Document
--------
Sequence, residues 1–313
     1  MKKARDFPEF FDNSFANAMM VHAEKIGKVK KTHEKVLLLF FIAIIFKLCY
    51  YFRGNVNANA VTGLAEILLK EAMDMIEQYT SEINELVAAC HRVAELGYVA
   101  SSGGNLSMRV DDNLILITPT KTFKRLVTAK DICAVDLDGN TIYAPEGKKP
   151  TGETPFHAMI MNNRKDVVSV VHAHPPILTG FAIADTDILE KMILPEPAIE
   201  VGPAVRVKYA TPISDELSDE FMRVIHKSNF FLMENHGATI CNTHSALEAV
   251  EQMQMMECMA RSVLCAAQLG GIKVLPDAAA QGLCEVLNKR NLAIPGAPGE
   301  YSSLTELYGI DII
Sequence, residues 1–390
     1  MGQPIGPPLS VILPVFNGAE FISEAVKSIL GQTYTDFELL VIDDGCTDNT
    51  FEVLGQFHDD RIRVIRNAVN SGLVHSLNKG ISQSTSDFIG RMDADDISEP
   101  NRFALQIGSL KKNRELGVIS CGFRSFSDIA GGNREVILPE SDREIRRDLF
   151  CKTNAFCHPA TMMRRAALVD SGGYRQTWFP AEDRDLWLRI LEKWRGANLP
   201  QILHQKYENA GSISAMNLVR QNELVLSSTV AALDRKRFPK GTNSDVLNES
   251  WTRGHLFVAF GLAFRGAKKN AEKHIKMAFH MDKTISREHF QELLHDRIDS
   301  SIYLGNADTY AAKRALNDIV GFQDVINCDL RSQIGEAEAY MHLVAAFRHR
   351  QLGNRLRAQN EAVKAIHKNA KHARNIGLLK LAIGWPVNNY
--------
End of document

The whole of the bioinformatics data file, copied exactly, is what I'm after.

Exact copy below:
Sequence, residues 1–313
     1  MKKARDFPEF FDNSFANAMM VHAEKIGKVK KTHEKVLLLF FIAIIFKLCY
    51  YFRGNVNANA VTGLAEILLK EAMDMIEQYT SEINELVAAC HRVAELGYVA
   101  SSGGNLSMRV DDNLILITPT KTFKRLVTAK DICAVDLDGN TIYAPEGKKP
   151  TGETPFHAMI MNNRKDVVSV VHAHPPILTG FAIADTDILE KMILPEPAIE
   201  VGPAVRVKYA TPISDELSDE FMRVIHKSNF FLMENHGATI CNTHSALEAV
   251  EQMQMMECMA RSVLCAAQLG GIKVLPDAAA QGLCEVLNKR NLAIPGAPGE
   301  YSSLTELYGI DII
Sequence, residues 1–390
     1  MGQPIGPPLS VILPVFNGAE FISEAVKSIL GQTYTDFELL VIDDGCTDNT
    51  FEVLGQFHDD RIRVIRNAVN SGLVHSLNKG ISQSTSDFIG RMDADDISEP
   101  NRFALQIGSL KKNRELGVIS CGFRSFSDIA GGNREVILPE SDREIRRDLF
   151  CKTNAFCHPA TMMRRAALVD SGGYRQTWFP AEDRDLWLRI LEKWRGANLP
   201  QILHQKYENA GSISAMNLVR QNELVLSSTV AALDRKRFPK GTNSDVLNES
   251  WTRGHLFVAF GLAFRGAKKN AEKHIKMAFH MDKTISREHF QELLHDRIDS
   301  SIYLGNADTY AAKRALNDIV GFQDVINCDL RSQIGEAEAY MHLVAAFRHR
   351  QLGNRLRAQN EAVKAIHKNA KHARNIGLLK LAIGWPVNNY